Some interesting questions have been raised by a lawsuit filed by the National Association of the Blind against Target, which operates both retail stores and the target.com website. The lawsuit alleged that Target’s website, discriminated against blind users in violation of the Americans with Disabilities Act (ADA). The lawsuit alleged that the website lacked alt-text, required the use of a mouse to complete a transaction, and contained other graphical features which prevented blind users from navigating and making full use of all of the functions of Target.com.
In Target, the United States District Court for the Northern District of California found that websites that are tightly integrated with a physical store must be accessible to the blind under the provisions of the Americans with Disabilities Act (â€œADAâ€). The court rejected the notion that all websites are subject to the ADA, holding only that websites which are tightly integrated with a physical store must be accessible to the blind. Other courts have split on the issue, and Priceline.com and Ramada.com both chose to settle cases filed under the ADA by the Attorney General of New York. The Justice Department has taken the position that the ADA applies to the Internet.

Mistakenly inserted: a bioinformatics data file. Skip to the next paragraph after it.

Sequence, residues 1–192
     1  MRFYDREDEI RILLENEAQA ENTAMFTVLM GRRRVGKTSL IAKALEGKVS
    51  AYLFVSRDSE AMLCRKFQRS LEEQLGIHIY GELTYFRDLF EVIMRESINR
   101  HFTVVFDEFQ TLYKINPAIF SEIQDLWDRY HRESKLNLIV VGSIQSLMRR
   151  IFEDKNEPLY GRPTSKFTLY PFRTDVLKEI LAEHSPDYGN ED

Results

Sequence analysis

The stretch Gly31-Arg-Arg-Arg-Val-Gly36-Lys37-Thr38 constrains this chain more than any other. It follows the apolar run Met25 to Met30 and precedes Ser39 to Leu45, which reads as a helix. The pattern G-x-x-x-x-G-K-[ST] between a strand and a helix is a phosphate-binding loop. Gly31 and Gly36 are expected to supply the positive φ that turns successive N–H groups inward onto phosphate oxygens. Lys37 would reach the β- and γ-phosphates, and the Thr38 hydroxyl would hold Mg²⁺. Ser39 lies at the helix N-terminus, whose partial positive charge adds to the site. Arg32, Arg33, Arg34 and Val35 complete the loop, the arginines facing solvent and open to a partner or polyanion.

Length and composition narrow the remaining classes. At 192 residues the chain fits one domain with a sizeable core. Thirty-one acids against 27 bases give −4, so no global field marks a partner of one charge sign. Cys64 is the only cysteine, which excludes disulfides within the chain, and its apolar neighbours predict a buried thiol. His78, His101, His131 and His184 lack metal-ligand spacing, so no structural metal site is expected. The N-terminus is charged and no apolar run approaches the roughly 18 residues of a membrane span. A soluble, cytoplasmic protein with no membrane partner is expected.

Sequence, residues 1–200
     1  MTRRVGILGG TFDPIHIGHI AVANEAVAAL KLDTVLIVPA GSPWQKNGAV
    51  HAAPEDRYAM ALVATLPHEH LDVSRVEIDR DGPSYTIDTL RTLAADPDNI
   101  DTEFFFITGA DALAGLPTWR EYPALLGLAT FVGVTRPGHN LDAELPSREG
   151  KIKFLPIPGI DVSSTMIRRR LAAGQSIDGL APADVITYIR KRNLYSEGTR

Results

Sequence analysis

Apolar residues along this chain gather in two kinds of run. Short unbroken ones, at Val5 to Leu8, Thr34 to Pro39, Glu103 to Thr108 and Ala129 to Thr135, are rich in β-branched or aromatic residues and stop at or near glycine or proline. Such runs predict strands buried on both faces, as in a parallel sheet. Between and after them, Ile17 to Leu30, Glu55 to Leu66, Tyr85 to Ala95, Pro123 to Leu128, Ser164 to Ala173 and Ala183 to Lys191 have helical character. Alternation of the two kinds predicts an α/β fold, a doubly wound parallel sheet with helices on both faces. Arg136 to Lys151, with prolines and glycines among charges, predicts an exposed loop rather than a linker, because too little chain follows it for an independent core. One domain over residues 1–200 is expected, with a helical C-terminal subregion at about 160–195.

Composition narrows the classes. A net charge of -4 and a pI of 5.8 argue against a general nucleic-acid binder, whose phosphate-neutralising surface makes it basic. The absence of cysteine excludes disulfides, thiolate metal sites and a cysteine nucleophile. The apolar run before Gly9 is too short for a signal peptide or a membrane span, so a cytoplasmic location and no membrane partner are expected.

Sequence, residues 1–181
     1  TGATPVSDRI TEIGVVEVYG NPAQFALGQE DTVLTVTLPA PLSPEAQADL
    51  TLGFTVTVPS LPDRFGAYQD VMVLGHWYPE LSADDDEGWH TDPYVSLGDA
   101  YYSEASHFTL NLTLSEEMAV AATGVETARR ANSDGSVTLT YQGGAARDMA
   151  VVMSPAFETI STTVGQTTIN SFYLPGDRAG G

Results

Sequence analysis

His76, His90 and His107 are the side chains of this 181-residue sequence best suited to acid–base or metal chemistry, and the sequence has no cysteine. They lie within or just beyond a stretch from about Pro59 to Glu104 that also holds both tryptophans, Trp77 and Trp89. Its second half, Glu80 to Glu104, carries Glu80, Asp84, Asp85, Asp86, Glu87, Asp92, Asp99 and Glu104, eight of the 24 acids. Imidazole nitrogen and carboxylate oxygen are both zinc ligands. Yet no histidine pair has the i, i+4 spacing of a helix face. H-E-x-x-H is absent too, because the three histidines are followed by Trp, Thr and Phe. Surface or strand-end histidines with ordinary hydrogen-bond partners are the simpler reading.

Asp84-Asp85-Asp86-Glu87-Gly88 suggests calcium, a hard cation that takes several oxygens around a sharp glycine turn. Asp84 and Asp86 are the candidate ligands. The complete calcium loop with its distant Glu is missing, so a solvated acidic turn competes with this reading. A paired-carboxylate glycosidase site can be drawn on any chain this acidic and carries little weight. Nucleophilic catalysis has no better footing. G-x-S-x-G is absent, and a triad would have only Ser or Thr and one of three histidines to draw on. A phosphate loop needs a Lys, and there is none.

Jeffrey Bashaw has written a nice article discussing the issue in a recent issue of the Shidler Journal of Law, Commerce & Technology.